MxMo: And a bottle of rum

Sangre de fresca

Today’s Mixology Monday is all about rum, a spirit of which I know virtually nothing. Sure, I use it in an occasional Mojito, Cuba Libre, or Dark and Stormy, but I haven’t experimented with many different bottlings or with more adventurous flavor combinations. For this MxMo, then, I didn’t strive for anything original.

Instead I turned to The Art of the Bar, the fantastically inventive cocktail book from Absinthe Brasserie and Bar’s Jeff Hollinger and Rob Schwartz, and source of one of my favorite recipes of late: the Sangre de Fresca.

The Sangre de Fresca features cachaca. Some might say this doesn’t count as a rum, but it is distilled from sugar cane and rum has always played fast and loose with its definitions. I’m mixing with Leblon, which actually calls itself a Brazilian rum and is barrel aged, so I’m going to go with it. For the sticklers in the audience, I’ll shake one up with rum, too. It’s a sacrifice I’m willing to make; I drink to make you happy. Here’s the recipe:

2 hulled strawberries
4-5 basil leaves
.5 oz balsamic syrup*
1.5 oz cachaca
.25 oz Cointreau
.25 oz lime juice
soda water

Muddle the berries, syrup, and leaves. Add the spirits and lime juice and shake with ice, then strain over rocks and top with soda. This makes a nicely refreshing drink. The ripe, fruity smell of the cachaca pairs really well with the balsamic syrup, and of course strawberries and balsamic vinegar is a winning combination.

To tie this more perfectly to the rum theme, I’ve also tried this a few times with Rhum Barbancourt, a Haitian rum aged for four years, in place of the cachaca. This makes for a smoother drink, but the more powerful cachaca stands up better to the other strong flavors at play; the Brazilian spirit’s the way to go here.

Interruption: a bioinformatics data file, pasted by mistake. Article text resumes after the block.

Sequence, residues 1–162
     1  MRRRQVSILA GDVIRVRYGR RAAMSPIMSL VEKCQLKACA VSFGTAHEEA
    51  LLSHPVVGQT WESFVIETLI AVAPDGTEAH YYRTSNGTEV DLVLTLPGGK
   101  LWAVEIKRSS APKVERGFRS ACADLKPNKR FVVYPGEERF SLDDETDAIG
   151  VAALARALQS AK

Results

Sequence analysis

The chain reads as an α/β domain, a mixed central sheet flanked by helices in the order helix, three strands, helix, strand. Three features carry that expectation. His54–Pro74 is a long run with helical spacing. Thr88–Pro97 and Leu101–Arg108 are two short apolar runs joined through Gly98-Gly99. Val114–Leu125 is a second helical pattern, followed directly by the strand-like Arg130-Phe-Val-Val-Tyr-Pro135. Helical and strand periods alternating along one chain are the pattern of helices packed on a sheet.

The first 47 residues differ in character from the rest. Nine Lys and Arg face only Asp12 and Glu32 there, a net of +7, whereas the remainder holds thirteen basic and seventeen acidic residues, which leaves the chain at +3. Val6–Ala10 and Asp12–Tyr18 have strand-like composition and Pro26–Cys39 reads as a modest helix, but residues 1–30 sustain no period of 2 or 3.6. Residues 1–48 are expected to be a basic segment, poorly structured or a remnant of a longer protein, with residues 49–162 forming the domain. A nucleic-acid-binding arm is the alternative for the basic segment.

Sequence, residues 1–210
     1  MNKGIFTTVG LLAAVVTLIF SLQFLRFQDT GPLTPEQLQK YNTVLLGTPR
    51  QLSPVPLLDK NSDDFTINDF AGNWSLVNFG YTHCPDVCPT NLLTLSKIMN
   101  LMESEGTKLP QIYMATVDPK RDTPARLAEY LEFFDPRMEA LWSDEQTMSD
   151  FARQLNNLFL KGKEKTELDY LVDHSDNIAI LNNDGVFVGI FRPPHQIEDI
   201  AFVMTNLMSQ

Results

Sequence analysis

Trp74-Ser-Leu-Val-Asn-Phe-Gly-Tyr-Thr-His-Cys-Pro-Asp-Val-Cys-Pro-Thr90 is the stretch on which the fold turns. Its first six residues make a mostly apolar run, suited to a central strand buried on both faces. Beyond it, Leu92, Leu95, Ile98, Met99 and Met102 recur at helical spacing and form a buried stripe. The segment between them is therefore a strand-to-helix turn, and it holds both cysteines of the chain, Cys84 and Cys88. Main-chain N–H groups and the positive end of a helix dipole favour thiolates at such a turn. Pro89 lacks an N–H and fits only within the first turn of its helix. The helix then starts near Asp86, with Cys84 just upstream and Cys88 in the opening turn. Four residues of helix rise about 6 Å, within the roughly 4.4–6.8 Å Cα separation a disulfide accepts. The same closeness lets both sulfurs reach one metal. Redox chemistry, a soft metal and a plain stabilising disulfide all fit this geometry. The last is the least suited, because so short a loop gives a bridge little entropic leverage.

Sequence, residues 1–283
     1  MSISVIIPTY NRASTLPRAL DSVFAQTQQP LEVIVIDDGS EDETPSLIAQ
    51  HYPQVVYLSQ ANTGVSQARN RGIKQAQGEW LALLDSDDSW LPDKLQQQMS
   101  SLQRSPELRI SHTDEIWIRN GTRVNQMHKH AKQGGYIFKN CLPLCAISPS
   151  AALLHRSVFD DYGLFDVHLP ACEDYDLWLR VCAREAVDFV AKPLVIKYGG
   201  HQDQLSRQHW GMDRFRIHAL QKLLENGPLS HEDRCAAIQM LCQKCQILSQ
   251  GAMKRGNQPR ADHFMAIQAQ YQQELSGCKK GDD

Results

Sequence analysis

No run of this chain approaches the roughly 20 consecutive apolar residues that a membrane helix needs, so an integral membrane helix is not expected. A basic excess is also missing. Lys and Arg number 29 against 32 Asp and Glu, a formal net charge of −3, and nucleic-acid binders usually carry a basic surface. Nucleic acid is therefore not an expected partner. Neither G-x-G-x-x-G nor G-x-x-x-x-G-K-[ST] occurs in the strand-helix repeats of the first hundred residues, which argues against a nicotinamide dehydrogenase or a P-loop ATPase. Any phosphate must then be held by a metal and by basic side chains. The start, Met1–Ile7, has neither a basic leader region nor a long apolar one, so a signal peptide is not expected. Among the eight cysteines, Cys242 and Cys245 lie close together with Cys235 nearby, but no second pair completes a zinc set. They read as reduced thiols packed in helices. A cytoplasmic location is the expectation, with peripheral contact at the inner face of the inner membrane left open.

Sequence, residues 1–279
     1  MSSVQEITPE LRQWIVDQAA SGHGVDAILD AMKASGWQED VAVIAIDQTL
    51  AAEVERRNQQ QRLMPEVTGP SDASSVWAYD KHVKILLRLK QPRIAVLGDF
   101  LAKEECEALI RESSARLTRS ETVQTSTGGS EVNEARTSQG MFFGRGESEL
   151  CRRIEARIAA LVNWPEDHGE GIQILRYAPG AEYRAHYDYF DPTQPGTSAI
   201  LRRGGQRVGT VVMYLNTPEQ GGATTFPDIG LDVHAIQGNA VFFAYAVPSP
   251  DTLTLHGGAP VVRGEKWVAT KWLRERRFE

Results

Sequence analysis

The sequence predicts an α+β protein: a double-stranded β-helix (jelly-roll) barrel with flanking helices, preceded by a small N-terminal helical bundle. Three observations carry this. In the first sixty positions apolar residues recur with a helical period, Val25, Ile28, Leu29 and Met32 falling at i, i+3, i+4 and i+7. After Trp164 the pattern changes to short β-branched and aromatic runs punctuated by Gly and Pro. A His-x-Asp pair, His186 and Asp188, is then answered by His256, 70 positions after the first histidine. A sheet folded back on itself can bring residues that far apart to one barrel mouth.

To follow the rest of this month’s MxMo’s entrants, check in with Trader Tiki for the recap. And for an informative article on rum, see Paul Clarke’s recent piece in The San Francisco Chronicle.

*For the syrup, dissolve 1.5 cups of sugar into half a cup of water in a saucepan over medium heat. Stir until the water dissolves and the sugar caramelizes to an amber color. In a separate pan, simmer 1.5 cups of balsamic vinegar. Then take both off the heat and carefully add the vinegar to the caramelized sugar. Be careful, it will spatter messily. Heat the mix a few minutes longer until it thickens, cool it an ice bath (it retains heat very well), bottle, and store in the refrigerator. It’s a nice thing to have around and lasts a long time.

Update 5/13/08: Trader Tiki’s got your wrap-up right here.

Comments

  1. Anna says:

    this sounds like a great play on the strawberry-balsamic winning combo.

  2. thx so much – just tried the recipe and it tastes great.

    we always get asked, ‘is Cachaça a Rum or not?’ i always say ‘yes and no,’ explaining that in the US, anything distilled from sugar cane or a sugar cane derivative must be labeled as rum. typical rum, for example, is distilled from molasses, a derivative of sugar production, whereas Cachaça is made from fresh cane juice. however, the reality is that Cachaça is unique to Brazil, and has it’s own production method, requirements, and culture. some refer to cachaça as a ‘cousin’ of rum – others as an ‘appellation,’ in which Cachaça is related to Rum as Cognac, Champagne, or Tequila are appellations of Brandy, Sparkling Wine, or Mezcal, respectively.

    in any case, it’s great spirit to discover, and this recipe is fantastic.

  3. Jacob Grier says:

    Hi Steve,

    Thanks for the explanation on the labeling. Glad you liked the Sangre de Fresca!

Trackbacks

  1. [...] from The Art of the Bar, featuring that Brazilian spirit and spirit of Brazil, Cachaça. the Sangre de Fresca. Jacob then uses Barbancourt, an Agricole rum with a bit of the same grassy notes as Cachaça, to [...]

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